the principal in only bound if the agent acted within the limits of the authority given
the person who takes the instrument is bound to inquire into the extent and nature of the
authority given. (Sec. 21 NIL)

33. General rule: Infants and corporations incur no liability by their indorsement or assignment of an
instrument. (Sec. 22 NIL)


no liability attached to the infant or the corporation

the instrument is still valid and the indorsee acquires title

34. General rule: a signature which is forged or made without authority is wholly inoperative.


1. no right to retain
2. no right to give a discharge
3. no right to enforce payment can be acquired. (Sec. 23 NIL)


the party against whom it is sought to be enforced is precluded from setting up the forgery or
want of authority.

Notes on Section 23

Section 23 applies only to forged signatures or signatures made without authority

Alterations such as to amounts or like fall under section 124

Forms of forgery are a) fraud in factum b) duress amounting to fraud c) fraudulent impersonation

Only the signature forged or made without authority is inoperative, the instrument or other
signatures which are genuine are affected
The instrument can be enforced by holders to whose title the forged signature is not necessary

Persons who are precluded from setting up the forgery are a) those who warrant or admit the
genuineness of the signature b) those who are estopped.

Persons who are precluded by warranting are a) indorsers b) persons negotiating by delivery c)

drawee bank is conclusively presumed to know the signature of its drawer

if endorsers signature is forged, loss will be borne by the forger and parties subsequent thereto

drawee bank is not conclusively presumed to know the signature of the indorser. The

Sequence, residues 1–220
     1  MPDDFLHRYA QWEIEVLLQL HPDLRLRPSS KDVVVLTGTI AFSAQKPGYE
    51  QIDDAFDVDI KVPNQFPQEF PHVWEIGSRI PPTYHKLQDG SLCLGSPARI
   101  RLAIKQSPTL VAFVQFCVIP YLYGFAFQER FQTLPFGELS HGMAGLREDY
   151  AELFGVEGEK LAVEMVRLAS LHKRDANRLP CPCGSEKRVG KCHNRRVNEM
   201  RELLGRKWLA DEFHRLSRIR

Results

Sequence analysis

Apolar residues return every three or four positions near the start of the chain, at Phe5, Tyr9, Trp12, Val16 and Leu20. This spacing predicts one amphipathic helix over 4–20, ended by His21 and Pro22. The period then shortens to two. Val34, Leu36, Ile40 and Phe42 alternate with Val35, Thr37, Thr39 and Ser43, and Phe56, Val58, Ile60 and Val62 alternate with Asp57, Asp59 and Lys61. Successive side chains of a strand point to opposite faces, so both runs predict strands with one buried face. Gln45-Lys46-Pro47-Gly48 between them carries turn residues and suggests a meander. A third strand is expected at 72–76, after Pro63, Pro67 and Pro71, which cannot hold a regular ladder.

responsibility falls on the bank which last guaranteed the indorsement and not the drawee bank.

Where the payees signature is forged, payments made by the drawee bank to collecting bank is
ineffective. No debtor/creditor relationship is created. An agency to collect is created between the
person depositing and the collecting bank. Drawee bank may recover from collecting bank who may in
turn recover from the person depositing.

Rules on liabilities of parties on a forged instrument

In a PN

a party whose indorsement is forged on a note payable to order and all parties prior to him
including the maker cannot be held liable by any holder

a party whose indorsement is forged on a note originally payable to bearer and all parties prior to
him including the maker may be held liable by a holder in due course provided that it was mechanically
complete before the forgery

a maker whose signature was forged cannot be held liable by any holder

In a BOE

the drawers account cannot be charged by the drawee where the drawee paid
the drawer has no right to recover from the collecting bank

the drawee bank can recover from the collecting bank

the payee can recover from the drawer

the payee can recover from the recipient of the payment, such as the collecting bank

the payee cannot collect from the drawee bank

the collecting bank bears the loss but can recover from the person to whom it paid

if payable to bearer, the rules are the same as in PN.

if the drawee has accepted the bill, the drawee bears the loss and his remedy is to go after the

if the drawee has not accepted the bill but has paid it, the drawee cannot recover from the
drawer or the recipient of the proceeds, absence any act of negligence on their part.

35. Every negotiable instrument is deemed prima facie to have been issued for a valuable
consideration. (Sec. 24 NIL)


every person whose signature appears thereon is a party for value

presumption is disputable

36. Where value has at any time been given for the instrument, the holder is deemed a holder for value
in respect to all parties who become such prior to that time. (Sec. 26 NIL)

37. Effect of want of consideration:

1. Absence or failure of consideration may be set up against a holder not a holder in due course
(personal defense)